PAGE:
Even those who supported Bush's anti-terror policy — which included replacing a dangerous regime hostile to the United States with a democracy that would be a U.S. ally in the heart of the Middle East — were not always so comfortable about that last bit.
President Bush's Wilsonian tendencies are well-known, if not entirely understood. And so in Iraq, [Priscilla] Tacujan argues, we find ourselves tripping down Wilson's path, "encouraging the formation of a government of 'consensus,' ... a coalition government composed of political parties and groups created along ethnic and religious lines instead of encouraging a 'national unity government' where excellence and justice can be measured by some common standard..."
Self-determination, in other words, is a sucker's game. When Iraq's constitutional government fully implodes into treachery and violence, Tacujan will have offered a persuasive historical diagnosis why.
"Today, said Gerges, the main beneficiaries of the U.S. invasion and occupation of Iraq are not moderates or secularists but Islamists calling for resistance and jihad against the U.S. occupiers and their supporters. Iraqi society is being Islamicized from within because of the America invasion and occupation of Iraq, said Gerges.
And Joel, it goes without saying, has been pretty skeptical of the democracy project in Iraq. The skeptics were pretty unified on one theme: No matter what our intentions, Iraq — at best — was going to devolve into an Islamist state; an Iranian puppet. Critics also enjoyed mocking the purple fingers of Iraqi voters, just for kicks.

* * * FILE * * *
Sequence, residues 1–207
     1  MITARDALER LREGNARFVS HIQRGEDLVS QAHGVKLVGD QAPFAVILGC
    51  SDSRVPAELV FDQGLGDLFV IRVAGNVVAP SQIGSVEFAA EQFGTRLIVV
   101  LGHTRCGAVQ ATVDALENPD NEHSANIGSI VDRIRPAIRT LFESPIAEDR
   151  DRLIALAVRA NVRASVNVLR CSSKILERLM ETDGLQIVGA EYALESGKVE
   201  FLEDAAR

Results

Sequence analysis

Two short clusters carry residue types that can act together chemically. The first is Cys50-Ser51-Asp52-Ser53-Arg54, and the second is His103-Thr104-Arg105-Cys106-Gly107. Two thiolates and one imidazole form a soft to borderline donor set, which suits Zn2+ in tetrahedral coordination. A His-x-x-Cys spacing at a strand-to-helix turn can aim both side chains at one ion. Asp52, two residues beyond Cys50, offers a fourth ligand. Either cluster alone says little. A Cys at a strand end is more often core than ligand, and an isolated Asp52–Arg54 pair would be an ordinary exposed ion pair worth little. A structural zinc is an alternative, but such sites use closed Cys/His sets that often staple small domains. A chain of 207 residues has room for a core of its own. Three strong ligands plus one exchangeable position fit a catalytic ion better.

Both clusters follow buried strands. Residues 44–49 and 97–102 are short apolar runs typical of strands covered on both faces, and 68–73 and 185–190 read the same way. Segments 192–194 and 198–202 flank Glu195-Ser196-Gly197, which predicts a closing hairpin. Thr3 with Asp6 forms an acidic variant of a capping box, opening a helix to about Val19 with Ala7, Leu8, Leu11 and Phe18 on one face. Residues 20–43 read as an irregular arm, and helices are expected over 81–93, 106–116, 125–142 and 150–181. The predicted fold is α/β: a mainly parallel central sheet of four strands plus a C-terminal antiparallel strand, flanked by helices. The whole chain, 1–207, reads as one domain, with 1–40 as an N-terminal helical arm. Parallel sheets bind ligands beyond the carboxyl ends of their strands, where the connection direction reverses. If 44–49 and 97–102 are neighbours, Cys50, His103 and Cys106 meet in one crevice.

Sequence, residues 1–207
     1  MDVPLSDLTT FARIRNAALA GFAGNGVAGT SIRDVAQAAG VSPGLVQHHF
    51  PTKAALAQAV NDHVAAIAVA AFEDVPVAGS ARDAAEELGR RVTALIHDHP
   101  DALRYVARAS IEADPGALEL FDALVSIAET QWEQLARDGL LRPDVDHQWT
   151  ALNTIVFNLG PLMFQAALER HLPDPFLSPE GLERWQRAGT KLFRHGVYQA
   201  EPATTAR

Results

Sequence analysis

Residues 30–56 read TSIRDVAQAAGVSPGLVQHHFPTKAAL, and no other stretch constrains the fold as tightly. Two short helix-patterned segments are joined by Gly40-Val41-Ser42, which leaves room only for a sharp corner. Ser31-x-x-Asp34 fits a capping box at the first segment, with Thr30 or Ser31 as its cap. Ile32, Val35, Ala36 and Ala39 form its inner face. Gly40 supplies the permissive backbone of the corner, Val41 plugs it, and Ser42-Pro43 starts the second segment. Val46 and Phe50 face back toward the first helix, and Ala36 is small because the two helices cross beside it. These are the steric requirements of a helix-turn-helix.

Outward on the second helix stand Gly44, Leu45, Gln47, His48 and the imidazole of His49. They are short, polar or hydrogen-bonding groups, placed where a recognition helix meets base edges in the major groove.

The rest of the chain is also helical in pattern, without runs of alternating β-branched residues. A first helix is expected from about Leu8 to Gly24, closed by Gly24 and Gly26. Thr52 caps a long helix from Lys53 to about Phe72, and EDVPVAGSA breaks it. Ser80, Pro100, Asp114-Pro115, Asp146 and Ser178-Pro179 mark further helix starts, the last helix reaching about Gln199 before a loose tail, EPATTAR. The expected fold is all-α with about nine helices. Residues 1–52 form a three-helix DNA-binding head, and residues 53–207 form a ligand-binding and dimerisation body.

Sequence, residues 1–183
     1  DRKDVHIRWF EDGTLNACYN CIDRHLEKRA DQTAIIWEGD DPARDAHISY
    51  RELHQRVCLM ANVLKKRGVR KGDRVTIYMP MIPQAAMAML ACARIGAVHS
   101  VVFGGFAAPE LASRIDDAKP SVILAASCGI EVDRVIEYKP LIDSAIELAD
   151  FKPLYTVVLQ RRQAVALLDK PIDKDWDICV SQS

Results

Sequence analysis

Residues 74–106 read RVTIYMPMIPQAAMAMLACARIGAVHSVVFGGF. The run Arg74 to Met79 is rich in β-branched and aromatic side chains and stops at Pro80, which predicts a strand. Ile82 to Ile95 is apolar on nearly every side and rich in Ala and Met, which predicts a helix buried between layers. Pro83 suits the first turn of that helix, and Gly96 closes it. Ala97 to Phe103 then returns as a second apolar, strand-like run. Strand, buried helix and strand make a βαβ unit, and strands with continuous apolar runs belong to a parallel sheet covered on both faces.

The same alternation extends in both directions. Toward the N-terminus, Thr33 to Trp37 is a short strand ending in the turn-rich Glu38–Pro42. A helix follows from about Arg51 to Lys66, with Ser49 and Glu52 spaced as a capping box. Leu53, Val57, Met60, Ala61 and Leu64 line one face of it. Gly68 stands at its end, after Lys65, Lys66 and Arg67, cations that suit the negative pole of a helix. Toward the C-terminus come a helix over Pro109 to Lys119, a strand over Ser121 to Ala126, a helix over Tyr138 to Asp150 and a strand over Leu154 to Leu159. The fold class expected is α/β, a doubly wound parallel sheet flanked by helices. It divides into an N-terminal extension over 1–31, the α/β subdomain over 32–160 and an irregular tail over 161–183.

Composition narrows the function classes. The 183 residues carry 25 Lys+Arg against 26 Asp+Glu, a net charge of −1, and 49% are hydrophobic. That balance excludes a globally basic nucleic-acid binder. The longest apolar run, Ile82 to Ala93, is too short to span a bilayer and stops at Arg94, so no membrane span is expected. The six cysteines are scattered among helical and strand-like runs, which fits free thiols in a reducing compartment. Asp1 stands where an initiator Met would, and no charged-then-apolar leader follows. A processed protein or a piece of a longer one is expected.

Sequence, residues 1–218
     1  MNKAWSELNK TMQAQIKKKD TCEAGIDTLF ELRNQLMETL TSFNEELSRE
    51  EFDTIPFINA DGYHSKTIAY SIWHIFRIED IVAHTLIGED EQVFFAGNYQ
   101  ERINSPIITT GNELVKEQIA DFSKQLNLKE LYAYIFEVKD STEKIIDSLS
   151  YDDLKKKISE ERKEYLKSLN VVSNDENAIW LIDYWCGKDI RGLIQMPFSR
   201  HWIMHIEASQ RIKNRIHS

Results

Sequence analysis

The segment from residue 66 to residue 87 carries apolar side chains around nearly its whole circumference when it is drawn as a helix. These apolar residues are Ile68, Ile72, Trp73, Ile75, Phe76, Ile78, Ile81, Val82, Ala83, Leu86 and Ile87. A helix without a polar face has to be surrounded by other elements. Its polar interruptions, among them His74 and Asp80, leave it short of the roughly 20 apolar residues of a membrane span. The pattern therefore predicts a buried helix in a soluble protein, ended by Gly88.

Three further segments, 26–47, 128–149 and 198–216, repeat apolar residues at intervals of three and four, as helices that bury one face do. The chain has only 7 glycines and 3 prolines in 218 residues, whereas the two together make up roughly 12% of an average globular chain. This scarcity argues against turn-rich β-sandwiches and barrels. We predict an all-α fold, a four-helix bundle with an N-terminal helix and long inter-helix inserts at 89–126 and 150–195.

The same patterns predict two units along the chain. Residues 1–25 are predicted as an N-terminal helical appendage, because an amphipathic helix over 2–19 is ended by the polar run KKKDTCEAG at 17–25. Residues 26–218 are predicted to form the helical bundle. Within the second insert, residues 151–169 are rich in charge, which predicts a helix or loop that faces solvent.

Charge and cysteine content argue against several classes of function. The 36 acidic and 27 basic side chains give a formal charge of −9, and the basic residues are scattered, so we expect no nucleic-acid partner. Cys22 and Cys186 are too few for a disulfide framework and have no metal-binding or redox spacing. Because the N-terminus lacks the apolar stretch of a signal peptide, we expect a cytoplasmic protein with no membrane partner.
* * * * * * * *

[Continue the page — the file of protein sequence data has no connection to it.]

Yet, as Charles Krauthammer wrote Friday, Iraq's latest provincial elections didn't just go well — they appear to have smashed to bits much of the conventional wisdom of the American skeptics of the Iraqi democracy project.
Preoccupied as it was poring over Tom Daschle's tax returns, Washington hardly noticed a near-miracle abroad. Iraq held provincial elections. There was no Election Day violence. Security was handled by Iraqi forces with little U.S. involvement. A fabulous bazaar of 14,400 candidates representing 400 parties participated, yielding results highly favorable to both Iraq and the United States.
Iraq moved away from religious sectarianism toward more secular nationalism. "All the parties that had the words 'Islamic' or 'Arab' in their names lost," noted Middle East expert Amir Taheri. "By contrast, all those that had the words 'Iraq' or 'Iraqi' gained."
Prime Minister Nouri al-Maliki is no longer the leader of an "Islamic" party. Rather, he's the leader of the "State of Law Party," and campaigned on security and secular nationalism. As Krauthammer notes, "he won a smashing victory" while Maliki's "chief rival, a more sectarian and pro-Iranian Shiite religious party, was devastated." Indeed, the major Islamic parties were almost wiped out across the board.
This is encouraging news. Iraq has come a very long way in a short time, but the constant caveat remains: This victory is not irreversible.
Nonetheless, Bush — who did all the hard work — has handed Obama a nascent yet gelling victory in Iraq. Obama's a smart and wise man, or so we're constantly told. I hope he makes the right decision and stays the course in Iraq. It would be a tragedy to throw an important strategic victory away with a hasty, politically driven withdrawal from Iraq.